My exhibition “200 000 Years of Longing” told about the long history of humankind and the feeling of longing.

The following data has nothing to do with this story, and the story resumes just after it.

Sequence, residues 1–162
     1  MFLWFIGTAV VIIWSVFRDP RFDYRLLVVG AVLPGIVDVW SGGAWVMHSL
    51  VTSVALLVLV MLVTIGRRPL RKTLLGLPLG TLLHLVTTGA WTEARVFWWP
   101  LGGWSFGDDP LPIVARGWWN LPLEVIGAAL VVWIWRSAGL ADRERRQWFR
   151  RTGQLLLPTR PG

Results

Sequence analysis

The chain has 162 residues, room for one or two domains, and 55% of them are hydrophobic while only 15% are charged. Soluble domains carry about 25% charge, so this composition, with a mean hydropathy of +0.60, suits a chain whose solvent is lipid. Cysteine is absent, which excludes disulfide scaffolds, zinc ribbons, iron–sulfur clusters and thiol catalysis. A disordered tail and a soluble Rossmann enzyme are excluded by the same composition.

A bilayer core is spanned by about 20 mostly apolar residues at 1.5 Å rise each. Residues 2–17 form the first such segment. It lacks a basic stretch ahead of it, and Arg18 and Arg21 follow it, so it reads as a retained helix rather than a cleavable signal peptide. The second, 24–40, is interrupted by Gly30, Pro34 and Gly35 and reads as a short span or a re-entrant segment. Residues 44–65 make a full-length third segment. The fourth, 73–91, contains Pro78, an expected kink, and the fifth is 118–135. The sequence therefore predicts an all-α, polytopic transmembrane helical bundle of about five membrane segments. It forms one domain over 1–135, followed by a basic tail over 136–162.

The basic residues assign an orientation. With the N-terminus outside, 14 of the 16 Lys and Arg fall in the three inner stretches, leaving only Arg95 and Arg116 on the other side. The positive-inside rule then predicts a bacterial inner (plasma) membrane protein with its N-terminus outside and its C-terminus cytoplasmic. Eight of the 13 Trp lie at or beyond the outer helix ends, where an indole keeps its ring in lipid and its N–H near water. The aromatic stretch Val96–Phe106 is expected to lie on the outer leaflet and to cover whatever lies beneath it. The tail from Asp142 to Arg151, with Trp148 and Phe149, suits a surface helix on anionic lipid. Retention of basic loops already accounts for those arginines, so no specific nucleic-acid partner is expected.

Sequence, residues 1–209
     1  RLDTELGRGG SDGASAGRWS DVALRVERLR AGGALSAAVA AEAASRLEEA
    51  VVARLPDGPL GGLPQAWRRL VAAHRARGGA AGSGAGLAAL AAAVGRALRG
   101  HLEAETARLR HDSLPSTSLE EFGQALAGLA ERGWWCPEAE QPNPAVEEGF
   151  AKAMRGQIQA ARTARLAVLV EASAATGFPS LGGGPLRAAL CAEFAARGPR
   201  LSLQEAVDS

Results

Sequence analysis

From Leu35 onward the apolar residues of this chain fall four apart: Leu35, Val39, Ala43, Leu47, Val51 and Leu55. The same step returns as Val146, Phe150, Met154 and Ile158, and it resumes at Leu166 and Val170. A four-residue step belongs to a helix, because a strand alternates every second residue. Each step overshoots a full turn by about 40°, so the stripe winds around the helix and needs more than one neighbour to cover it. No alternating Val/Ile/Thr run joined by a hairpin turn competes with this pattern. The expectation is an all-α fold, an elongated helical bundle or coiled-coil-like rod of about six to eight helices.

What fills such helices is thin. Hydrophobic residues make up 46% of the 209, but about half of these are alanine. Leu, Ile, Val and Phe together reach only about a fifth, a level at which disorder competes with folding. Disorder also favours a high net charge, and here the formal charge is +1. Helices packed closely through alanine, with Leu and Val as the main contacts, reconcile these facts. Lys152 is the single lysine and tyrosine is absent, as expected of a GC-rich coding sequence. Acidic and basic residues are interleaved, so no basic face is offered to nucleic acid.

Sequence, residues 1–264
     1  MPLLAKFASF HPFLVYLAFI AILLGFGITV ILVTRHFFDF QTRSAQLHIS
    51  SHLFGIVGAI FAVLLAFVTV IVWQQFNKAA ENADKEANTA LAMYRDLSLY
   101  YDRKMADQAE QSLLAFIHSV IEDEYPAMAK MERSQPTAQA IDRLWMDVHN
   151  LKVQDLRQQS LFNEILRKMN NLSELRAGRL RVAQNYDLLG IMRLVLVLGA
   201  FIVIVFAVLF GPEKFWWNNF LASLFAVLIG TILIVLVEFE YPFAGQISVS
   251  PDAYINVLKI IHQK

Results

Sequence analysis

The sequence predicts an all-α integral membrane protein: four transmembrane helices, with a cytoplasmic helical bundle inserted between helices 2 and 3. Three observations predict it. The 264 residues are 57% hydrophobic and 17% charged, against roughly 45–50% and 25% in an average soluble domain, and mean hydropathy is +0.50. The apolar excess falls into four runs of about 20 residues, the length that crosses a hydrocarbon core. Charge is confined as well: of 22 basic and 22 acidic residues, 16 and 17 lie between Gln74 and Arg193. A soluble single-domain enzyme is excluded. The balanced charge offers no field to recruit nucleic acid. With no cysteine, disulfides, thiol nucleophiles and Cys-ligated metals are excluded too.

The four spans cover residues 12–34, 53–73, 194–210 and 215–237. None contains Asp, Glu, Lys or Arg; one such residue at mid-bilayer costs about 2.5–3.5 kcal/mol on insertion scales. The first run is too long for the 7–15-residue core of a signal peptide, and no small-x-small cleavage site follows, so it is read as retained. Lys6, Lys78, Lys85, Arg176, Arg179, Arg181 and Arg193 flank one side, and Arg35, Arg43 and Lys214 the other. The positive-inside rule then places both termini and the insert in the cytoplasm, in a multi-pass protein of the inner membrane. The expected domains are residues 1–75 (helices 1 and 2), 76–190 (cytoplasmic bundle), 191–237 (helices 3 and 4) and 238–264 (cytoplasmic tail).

One naturally craves to be with someone else, but approaching them can feel anything but natural. From all my experiences of longing, one is especially difficult to put into words. I long for a certain feeling that seems to have been lost somewhere in the past. It is a very positive experience that includes different visual sights in my early childhood. While it reminds me of my own past, at some level it also brings to my mind the early times of humankind. I started to explore a human world where words were hardly used, only a song mimicking the sounds of nature. The time of the human species has lasted from 200 000 to 300 000 years. Many essential characteristics of humans are even older than that, such as the use of fire and everlasting curiosity. Maybe longing is one of them. Even if we never managed to find common words for the object of our longing, the longing itself connects us to each other and to all the people who ever lived. Our common origin is in the familiar and the unexplored rocky ground that attracts us like a heart. The ground is like a drum that moves the body towards new places, trips, dangers, dancing. A boat is like a cradle, with which one floats upon the element of life. Countless palms have touched familiar rocks, leaving us a trace of a humanly red colour, just like a sign of longing. It is the same longing that we are feeling now. And each time that everything is lost, the most important is the story that remains. It is braided into a cloth and passed on to the next generation. It is hidden inside a perfectly shaped shell that someone finds tens of thousands of years later.